There are two main strategies we can adopt to improve our quality of life.
The first is to make external conditions match our goals.
The second is to change how we experience external conditions to make them fit our goals.
The Five C's: Five characteristics for optimal life experiences
How Pivot Adventure changes external conditions, and more importantly, how we experience them.
When teenagers feel that they know what their parents expect from them—goals and feedback in the course and family interaction are unambiguous.
The child's perception—parents are interested in what they are doing in the present, in their concrete feelings and experiences, rather than being preoccupied with whether they will be getting into a good college or obtaining a well-paying job.
Adolescents feel that they have a variety of possibilities from which to choose.
The trust that allows the child to feel comfortable enough to set aside the shield of his or her defenses and become unselfconsciously involved in whatever he or she is interested in.
Parent's dedication to provide increasingly complex opportunities for action to their children.
We learn as we go.
If we stop going, we stop learning.
When trying to change external conditions or how we experience them, neither strategy is effective when used alone. Yet, too often, we keep hoping that by changing the external conditions of our lives it will provide a solution.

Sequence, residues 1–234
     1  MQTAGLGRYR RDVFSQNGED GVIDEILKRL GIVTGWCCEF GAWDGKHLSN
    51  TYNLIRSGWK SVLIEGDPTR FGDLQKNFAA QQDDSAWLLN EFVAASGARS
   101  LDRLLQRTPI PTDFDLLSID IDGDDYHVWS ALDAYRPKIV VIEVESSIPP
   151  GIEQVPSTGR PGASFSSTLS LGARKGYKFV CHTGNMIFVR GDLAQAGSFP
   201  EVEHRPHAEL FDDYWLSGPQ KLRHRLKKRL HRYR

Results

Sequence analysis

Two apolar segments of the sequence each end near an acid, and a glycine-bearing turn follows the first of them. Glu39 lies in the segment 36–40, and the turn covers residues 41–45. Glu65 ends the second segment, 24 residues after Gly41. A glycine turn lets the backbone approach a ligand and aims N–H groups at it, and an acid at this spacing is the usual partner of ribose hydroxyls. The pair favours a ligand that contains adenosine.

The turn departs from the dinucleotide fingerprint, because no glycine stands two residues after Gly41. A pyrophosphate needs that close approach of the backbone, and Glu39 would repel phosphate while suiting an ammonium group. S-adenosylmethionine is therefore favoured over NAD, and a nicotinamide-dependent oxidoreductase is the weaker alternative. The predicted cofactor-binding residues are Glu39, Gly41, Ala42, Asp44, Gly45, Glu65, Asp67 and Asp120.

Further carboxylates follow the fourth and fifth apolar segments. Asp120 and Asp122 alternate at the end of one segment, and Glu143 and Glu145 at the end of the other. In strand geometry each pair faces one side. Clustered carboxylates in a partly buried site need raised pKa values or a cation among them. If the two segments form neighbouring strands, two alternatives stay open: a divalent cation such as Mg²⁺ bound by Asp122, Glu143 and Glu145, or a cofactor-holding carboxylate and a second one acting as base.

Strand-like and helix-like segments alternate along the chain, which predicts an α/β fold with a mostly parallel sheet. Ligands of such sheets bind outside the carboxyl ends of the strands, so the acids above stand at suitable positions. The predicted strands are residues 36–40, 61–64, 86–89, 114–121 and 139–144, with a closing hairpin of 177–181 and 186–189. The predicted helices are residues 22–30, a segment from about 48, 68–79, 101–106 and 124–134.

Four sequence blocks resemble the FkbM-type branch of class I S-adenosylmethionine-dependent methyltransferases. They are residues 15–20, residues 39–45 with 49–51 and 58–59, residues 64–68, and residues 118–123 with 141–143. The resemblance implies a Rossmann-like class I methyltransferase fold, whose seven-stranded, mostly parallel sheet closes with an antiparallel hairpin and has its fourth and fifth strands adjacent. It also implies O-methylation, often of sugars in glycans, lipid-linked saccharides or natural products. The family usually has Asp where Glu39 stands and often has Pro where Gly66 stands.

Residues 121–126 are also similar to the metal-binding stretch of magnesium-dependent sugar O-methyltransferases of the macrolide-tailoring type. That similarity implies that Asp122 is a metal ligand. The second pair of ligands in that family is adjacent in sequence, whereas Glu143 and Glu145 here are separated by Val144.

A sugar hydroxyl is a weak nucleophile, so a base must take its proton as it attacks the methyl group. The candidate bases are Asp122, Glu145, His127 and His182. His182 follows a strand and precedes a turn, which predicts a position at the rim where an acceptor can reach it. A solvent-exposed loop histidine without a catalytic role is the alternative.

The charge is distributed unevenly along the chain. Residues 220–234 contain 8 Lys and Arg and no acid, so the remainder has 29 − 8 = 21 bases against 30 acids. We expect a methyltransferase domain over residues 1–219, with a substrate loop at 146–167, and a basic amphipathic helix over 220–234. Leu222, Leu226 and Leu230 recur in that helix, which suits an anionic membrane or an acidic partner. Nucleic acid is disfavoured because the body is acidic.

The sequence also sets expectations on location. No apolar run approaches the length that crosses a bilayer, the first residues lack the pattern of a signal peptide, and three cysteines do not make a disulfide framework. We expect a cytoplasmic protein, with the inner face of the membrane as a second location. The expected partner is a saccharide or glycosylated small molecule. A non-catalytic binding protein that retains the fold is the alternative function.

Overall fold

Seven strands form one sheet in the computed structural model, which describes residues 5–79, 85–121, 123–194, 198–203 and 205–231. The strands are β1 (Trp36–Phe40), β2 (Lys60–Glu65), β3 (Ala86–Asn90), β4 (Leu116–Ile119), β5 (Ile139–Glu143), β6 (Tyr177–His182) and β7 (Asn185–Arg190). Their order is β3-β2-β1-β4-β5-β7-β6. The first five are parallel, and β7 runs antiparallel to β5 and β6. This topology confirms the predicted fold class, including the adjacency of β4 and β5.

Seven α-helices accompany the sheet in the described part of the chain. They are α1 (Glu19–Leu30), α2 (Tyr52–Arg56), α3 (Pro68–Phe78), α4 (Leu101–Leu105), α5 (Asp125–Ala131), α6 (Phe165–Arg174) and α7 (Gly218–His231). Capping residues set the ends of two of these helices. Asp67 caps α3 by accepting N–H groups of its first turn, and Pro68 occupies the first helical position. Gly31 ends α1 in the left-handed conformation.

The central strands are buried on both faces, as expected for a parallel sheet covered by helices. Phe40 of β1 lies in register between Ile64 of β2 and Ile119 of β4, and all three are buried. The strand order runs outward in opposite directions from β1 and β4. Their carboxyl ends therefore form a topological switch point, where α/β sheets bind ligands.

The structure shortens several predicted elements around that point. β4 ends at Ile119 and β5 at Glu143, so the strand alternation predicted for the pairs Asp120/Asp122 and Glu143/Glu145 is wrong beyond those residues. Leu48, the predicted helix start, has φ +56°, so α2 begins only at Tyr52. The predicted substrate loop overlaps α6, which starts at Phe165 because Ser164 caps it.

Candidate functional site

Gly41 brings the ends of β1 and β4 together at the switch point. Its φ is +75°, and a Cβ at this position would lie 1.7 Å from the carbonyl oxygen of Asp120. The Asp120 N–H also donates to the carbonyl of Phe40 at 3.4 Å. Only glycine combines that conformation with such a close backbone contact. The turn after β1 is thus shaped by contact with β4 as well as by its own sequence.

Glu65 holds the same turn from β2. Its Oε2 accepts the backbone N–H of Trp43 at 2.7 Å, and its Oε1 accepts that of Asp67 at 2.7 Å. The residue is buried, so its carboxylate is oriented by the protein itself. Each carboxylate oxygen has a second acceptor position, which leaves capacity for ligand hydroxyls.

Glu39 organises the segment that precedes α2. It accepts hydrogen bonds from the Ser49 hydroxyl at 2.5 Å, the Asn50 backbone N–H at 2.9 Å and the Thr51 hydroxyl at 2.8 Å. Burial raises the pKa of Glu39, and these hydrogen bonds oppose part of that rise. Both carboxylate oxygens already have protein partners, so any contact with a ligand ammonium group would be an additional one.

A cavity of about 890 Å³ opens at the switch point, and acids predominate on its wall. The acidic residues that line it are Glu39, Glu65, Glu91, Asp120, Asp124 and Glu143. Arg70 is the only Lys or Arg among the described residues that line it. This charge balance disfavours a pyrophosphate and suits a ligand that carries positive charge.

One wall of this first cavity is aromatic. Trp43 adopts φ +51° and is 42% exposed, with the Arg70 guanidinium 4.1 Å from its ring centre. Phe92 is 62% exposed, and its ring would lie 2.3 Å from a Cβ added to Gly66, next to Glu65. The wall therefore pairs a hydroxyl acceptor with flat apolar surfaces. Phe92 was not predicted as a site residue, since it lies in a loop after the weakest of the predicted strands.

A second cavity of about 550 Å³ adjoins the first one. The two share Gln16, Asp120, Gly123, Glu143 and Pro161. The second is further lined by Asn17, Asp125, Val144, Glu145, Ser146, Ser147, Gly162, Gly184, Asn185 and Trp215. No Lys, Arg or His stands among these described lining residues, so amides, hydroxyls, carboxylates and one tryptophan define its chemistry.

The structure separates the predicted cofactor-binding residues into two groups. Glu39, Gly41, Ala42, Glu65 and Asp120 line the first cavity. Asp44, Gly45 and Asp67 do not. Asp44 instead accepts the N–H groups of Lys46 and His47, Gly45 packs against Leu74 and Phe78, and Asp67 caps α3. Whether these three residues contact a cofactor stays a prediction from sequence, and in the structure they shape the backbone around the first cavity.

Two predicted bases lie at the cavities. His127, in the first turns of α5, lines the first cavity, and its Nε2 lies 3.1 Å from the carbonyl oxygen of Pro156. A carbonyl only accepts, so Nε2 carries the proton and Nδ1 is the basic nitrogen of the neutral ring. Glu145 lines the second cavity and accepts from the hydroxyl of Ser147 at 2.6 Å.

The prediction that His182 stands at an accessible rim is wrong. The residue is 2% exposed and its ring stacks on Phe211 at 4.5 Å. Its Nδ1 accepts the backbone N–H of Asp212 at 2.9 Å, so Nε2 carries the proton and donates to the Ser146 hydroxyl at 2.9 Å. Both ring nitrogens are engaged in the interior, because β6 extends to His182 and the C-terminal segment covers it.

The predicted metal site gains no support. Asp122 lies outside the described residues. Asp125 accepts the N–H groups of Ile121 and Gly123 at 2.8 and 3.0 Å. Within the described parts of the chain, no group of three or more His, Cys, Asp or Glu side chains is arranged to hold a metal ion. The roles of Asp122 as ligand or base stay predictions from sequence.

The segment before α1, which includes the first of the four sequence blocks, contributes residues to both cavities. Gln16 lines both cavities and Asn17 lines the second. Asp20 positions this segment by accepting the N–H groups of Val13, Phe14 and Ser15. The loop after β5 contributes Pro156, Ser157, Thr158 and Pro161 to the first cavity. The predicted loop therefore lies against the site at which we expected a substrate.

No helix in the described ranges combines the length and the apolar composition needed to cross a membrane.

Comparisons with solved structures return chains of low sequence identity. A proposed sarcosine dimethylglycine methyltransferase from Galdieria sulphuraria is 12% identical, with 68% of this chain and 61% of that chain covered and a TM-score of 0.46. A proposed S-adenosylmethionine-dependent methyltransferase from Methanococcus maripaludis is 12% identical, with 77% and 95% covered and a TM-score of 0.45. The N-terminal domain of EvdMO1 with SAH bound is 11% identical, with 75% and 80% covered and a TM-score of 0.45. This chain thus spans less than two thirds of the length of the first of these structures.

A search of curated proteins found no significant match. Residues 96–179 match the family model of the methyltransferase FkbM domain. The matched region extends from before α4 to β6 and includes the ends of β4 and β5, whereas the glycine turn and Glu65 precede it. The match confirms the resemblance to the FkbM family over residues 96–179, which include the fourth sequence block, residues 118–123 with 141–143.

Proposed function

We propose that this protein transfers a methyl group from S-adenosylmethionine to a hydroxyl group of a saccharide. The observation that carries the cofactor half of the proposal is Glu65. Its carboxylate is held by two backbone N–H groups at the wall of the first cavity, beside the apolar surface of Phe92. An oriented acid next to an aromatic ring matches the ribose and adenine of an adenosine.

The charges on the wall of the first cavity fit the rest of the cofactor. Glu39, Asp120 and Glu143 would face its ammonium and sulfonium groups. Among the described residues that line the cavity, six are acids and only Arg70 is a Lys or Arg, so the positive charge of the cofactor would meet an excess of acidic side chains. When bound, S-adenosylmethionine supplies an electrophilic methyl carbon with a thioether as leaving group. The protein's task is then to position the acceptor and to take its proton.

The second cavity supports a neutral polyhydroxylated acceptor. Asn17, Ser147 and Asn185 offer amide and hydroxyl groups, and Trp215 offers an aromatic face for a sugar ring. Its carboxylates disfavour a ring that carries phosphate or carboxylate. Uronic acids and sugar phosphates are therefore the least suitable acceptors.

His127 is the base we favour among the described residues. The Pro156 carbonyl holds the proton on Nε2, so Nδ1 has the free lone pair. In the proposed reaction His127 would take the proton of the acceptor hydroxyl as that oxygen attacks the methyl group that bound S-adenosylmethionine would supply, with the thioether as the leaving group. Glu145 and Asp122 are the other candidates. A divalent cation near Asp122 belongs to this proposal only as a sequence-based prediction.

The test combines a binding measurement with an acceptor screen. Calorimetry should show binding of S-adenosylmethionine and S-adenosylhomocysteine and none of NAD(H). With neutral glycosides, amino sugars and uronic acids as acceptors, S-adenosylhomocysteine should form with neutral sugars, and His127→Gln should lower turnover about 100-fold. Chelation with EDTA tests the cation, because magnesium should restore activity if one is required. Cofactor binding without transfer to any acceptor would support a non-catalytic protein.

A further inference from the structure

Wealth, status and power have become powerful symbols of happiness. We assume that by acquiring these same symbols, we can be happy too. But symbols can be deceptive. The reality is that the quality of our life does not depend on what we own, but rather, how we feel about ourselves and about what happens to us.
To improve life, one must improve the quality of experience.
At Pivot Adventure, we don't give insider tips about how to be happy. Instead, we teach principles. We accomplish this through positive human experiences—joy, creativity, the process of total involvement—referred to as flow.
The benefits of flow
Flow, also known as being in the zone, is the mental state of operation in which a person performing an activity is fully immersed in a feeling of energized focus, full involvement, and enjoyment in the process of the activity. Flow is important because it makes the present more enjoyable and because it builds self-confidence that allows us to develop skills and make significant contributions to humankind.
Creates autotelic experiences
The term autotelic derives from two Greek words; auto meaning self and telos meaning goal. It refers to a self-contained activity, one that is done not with the expectation of some future benefit, but simply because the doing itself is the reward. In other words, flow helps build internal motivations to do hard things.
Create an everlasting effect
Children who live in family situations that facilitate clarity of goals, feedback, feeling of control, concentration on the task at hand, intrinsic motivation and challenge will have a better chance to order their lives to make flow possible. In families where the Five C's are not in place, a great deal of energy is spent in strife.
Build a new purpose
The most important trait of survivors is a strongly directed purpose that is not self-seeking. People who have that quality are bent on doing their best in all circumstances, yet they are not concerned with advancing their own self interests. Because they are intrinsically motivated in their actions, they are not easily disturbed by external threats. With enough psychic energy freed to observe and analyze their surroundings objectively, they have a better chance of discovering in them new opportunities for action.
Since 2010, adolescents have seen a staggering 30% increase in depressive symptoms, suicide-related outcomes and suicide rates.
Pivot Adventure is a 2-month sprint. People like us do stuff like this.
Course Cost: $495